Page last updated at 00:16 GMT, Friday, 8 January 2010

Food industry 'too secretive' over nanotechnology

By Pallab Ghosh
Science correspondent, BBC News

Supermarket aisle
Nanotechnology is appearing in an ever-wider range of products

The food industry has been criticised for being secretive about its use of nanotechnology by the UK's House of Lords Science and Technology Committee.

Lord Krebs, chairman of the inquiry, said the industry "wants to keep a low profile" to avoid controversy.

While there were no clear dangers, he said, there were "gaps in knowledge".

In its report Nanotechnologies and Food, the committee suggests a public register of foods or packaging that make use of nanotechnology.

Nanotechnology is the use of very small particles - measured in the billionths of a metre. At these sizes, particles have novel properties and there is active investigation into how those properties arise.

While nanotechnology is already widely employed - in applications ranging from odour-free socks to novel cancer therapeutic methods - they have long been regarded as a subject requiring further study to ensure their safety.

In the food sector, nanotechnology can be employed to enhance flavour and even to make processed foods healthier by reducing the amount of fat and salt needed in production.

Open standards

Peers said in the report that they found it "regrettable that the food industry was refusing to talk about its work in the area".

We are not clear what is out there in use at the moment
Lord Krebs

They added that it was exactly this behaviour that could prompt public backlash against the use of a technology that could bring many benefits to the public.

Lord Krebs said that the industry was "very reluctant to put its head above the parapet and be open about research on nanotechnology".

"They got their fingers burnt over the use of GM crops and so they want to keep a low profile on this issue. We believe that they should adopt exactly the opposite approach. If you want to build confidence you should be open rather than secretive."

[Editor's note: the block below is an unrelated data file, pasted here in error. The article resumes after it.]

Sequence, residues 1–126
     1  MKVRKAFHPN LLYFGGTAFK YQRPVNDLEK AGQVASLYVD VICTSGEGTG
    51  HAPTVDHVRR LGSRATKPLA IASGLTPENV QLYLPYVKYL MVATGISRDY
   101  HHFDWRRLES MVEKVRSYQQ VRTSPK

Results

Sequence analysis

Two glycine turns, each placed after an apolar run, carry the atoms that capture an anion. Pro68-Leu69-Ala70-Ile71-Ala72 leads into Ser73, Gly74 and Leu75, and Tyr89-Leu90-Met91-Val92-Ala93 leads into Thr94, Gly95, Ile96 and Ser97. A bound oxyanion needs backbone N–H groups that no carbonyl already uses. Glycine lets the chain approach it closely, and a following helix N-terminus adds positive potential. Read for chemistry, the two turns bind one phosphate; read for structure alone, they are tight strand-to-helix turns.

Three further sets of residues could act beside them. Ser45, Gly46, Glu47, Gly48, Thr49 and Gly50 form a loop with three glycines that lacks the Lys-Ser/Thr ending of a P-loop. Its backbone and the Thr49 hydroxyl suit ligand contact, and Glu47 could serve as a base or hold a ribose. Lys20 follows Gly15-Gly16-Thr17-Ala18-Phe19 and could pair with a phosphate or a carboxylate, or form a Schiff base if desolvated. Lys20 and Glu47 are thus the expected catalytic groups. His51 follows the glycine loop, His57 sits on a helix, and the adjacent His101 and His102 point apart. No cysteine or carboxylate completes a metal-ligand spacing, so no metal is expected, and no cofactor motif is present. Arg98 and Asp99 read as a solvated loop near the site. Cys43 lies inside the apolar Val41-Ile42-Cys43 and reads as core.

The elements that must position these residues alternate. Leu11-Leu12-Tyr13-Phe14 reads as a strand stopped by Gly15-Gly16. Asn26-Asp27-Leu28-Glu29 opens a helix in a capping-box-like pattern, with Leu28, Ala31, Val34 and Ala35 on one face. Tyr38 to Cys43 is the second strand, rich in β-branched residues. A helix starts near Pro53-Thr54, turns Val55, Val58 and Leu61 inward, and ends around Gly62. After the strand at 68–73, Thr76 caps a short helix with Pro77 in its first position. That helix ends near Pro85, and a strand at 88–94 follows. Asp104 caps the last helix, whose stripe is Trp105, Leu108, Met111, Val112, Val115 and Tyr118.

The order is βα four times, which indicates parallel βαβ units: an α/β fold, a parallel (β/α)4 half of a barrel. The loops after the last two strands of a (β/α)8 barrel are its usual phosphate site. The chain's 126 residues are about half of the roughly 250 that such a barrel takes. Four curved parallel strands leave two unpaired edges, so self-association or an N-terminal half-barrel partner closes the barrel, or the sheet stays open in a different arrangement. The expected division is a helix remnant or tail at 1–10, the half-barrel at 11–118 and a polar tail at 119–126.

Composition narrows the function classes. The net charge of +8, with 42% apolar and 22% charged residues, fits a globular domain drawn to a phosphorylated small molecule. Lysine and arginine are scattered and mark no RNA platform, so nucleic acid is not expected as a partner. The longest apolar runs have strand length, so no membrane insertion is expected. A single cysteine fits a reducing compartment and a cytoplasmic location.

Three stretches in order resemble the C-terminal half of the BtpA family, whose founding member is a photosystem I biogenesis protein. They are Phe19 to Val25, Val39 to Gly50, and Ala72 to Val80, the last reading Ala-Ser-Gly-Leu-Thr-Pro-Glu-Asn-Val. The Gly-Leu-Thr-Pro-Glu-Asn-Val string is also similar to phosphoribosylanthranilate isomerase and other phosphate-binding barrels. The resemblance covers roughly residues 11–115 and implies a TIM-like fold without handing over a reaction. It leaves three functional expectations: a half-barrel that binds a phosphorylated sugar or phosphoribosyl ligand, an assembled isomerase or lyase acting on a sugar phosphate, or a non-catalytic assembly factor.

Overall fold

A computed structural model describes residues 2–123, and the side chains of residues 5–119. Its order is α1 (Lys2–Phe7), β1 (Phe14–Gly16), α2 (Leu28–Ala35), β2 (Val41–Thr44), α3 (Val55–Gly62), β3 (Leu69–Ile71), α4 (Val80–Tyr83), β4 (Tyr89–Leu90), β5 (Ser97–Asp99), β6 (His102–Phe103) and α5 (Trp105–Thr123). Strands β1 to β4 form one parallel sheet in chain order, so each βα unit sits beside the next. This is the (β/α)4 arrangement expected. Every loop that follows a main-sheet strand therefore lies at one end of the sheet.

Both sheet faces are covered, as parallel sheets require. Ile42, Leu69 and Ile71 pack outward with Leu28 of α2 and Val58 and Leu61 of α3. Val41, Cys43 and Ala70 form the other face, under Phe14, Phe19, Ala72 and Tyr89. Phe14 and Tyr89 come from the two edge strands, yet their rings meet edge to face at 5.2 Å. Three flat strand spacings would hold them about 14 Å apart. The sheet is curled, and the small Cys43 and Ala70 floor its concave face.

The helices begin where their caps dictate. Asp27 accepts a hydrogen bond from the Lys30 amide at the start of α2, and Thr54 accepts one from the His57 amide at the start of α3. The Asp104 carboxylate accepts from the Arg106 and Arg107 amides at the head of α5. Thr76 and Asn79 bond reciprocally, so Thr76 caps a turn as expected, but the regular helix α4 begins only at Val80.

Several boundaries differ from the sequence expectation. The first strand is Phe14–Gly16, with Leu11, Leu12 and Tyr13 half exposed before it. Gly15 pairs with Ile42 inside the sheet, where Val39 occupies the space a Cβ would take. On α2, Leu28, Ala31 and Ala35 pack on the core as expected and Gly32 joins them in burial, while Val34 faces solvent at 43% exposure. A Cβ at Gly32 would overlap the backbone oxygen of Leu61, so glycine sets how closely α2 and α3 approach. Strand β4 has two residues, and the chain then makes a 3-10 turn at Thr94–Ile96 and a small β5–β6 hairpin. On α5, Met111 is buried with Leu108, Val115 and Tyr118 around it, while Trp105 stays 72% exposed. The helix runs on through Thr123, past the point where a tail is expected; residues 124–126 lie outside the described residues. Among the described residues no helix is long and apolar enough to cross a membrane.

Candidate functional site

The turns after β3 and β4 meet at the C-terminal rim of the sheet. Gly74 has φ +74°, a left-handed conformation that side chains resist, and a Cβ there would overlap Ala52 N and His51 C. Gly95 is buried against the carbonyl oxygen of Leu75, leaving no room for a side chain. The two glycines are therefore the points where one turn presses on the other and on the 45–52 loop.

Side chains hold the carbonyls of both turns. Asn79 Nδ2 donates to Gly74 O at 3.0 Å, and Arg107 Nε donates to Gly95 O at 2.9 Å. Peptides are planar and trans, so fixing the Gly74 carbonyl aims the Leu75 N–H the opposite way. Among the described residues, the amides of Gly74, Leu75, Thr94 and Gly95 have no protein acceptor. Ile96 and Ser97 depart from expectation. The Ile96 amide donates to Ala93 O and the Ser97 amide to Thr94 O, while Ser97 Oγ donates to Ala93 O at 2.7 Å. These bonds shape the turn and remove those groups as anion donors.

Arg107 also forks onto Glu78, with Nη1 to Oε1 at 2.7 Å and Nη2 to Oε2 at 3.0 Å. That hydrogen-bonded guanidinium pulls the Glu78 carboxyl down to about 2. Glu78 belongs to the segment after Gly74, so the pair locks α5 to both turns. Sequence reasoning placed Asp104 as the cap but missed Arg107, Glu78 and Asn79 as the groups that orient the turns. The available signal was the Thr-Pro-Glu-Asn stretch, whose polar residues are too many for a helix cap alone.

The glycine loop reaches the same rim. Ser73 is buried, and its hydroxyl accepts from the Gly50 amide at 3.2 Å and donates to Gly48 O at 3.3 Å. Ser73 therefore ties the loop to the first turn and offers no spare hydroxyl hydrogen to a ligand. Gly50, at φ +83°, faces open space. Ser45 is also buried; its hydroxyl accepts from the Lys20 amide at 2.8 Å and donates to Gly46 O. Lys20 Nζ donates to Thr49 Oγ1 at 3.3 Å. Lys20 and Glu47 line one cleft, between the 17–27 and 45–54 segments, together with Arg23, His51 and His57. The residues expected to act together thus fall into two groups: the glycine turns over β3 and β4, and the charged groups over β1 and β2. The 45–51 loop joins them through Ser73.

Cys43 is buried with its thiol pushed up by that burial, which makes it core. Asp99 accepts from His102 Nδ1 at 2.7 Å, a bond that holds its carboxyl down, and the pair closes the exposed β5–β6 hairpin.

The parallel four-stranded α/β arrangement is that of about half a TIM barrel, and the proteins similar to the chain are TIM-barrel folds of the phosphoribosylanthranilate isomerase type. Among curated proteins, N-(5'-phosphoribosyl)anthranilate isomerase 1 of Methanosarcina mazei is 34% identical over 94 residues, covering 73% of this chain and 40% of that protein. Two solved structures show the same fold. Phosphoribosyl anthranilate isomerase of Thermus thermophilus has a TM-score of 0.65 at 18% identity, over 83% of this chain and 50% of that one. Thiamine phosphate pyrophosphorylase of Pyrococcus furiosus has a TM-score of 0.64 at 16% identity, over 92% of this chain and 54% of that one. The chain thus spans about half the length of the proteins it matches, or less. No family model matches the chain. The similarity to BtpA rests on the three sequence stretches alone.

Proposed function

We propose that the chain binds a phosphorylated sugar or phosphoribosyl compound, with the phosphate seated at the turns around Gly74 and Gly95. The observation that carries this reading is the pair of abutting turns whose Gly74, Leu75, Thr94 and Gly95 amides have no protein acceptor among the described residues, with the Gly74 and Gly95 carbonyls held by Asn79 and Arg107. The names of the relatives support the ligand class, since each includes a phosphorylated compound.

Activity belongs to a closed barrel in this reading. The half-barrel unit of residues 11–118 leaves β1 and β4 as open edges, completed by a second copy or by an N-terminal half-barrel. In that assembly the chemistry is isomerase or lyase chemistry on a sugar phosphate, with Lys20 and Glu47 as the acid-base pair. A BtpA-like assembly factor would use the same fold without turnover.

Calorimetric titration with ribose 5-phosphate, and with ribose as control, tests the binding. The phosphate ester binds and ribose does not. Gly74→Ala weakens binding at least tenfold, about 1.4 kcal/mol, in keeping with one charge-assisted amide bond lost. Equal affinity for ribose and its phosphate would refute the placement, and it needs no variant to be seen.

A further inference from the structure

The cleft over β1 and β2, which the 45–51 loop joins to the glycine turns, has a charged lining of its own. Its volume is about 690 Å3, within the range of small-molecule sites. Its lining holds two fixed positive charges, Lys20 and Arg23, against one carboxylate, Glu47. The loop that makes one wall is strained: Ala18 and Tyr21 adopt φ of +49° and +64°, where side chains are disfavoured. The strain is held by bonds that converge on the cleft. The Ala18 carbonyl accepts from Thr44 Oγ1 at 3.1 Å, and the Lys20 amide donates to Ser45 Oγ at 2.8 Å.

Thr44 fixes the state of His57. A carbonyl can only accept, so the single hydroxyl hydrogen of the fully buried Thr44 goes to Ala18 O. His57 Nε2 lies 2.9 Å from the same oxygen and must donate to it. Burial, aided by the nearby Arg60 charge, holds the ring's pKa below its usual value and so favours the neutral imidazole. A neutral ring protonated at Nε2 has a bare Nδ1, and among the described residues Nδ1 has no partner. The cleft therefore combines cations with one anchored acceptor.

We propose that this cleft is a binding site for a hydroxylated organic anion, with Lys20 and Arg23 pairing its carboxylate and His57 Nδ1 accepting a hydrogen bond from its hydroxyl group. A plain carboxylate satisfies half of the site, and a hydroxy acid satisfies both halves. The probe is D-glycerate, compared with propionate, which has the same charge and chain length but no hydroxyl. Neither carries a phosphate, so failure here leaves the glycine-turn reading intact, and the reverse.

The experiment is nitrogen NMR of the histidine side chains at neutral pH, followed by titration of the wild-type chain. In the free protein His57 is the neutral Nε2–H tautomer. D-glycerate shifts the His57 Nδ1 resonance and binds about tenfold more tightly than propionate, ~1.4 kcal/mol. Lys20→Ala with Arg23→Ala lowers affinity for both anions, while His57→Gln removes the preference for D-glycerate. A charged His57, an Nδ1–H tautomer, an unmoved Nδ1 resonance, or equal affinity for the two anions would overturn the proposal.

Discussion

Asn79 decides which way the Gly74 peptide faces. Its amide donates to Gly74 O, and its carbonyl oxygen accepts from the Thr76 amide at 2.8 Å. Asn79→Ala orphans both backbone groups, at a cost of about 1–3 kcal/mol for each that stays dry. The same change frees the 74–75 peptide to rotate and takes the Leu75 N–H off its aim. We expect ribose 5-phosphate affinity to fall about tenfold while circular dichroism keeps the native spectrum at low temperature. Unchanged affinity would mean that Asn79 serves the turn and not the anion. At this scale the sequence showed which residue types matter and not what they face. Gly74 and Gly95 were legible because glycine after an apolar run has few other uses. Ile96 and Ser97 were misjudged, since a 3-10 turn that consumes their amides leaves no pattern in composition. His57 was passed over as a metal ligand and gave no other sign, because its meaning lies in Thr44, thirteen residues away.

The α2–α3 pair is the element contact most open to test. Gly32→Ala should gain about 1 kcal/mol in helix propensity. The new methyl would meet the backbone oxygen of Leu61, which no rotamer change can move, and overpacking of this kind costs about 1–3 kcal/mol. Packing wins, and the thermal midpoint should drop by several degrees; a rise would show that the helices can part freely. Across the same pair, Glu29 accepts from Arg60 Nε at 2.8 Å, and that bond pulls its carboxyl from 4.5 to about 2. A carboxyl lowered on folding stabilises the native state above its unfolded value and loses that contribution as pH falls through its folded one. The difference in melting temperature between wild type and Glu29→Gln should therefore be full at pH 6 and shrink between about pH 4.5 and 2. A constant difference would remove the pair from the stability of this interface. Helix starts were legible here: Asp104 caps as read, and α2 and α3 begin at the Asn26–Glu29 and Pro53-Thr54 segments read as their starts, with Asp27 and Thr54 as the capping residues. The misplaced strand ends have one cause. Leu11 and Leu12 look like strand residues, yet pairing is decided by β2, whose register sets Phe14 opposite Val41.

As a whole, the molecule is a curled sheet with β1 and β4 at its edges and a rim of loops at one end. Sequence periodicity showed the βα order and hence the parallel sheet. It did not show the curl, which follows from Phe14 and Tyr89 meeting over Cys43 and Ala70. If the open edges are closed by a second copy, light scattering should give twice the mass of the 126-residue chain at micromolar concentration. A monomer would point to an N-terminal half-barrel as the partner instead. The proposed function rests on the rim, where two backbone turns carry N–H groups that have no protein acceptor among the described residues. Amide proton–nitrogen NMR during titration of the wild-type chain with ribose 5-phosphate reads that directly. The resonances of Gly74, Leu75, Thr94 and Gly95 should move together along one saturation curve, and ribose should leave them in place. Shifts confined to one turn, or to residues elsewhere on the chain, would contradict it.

As part of this process, the committee recommends that the Food Standards Agency should have a publicly available register listing food and packaging that use nano-materials.

Julian Hunt, director of communications for the Food and Drink Federation, said he was "surprised" by the criticism.

"Understandably, there are many questions and unknowns about the potential future uses of nanotechnologies in our sector, and there is much work still to be done, by scientists, governments and regulators, as well as the food and drink industry," Mr Hunt said.

Woman applying sunscreen (SPL)
Safety concerns have also been raised about nanomaterials in cosmetics

"We support the report's recommendation for the formation of an open discussion group to bring more transparency that we know is important to consumers, and indeed we are already engaged in such initiatives, both at UK and EU level."

The Project on Emerging Nanotechnologies, run by the Washington-based Woodrow Wilson International Center for Scholars, has found that there are currently 84 foods or food-related products that use nanotechnology.

The Food and Drink Federation says that none are currently manufactured in the UK.

'No clear danger'

However, Lord Krebs says he and his colleagues are concerned that because of industry secrecy, it is hard to really know the true extent of the use of nanotechnology in food.

"We are not clear what is out there in use at the moment," he said.

The report says that there is likely to be an "explosive growth" in the use of the technology.

Currently the market is valued at $410m (£260m), but the report estimates it will increase more than ten-fold in the next two years.

The report also says insufficient research has been carried out into the safety of the use of nanotechnology in foods. It urges the government to commission more research on the behaviour of nanomaterials, particularly in the gut.

"There is currently no clear and present danger from nanotechnology," according to Lord Krebs.

"But there are significant gaps in our knowledge for regulators to adequately assess the risk of nanomaterials in food."



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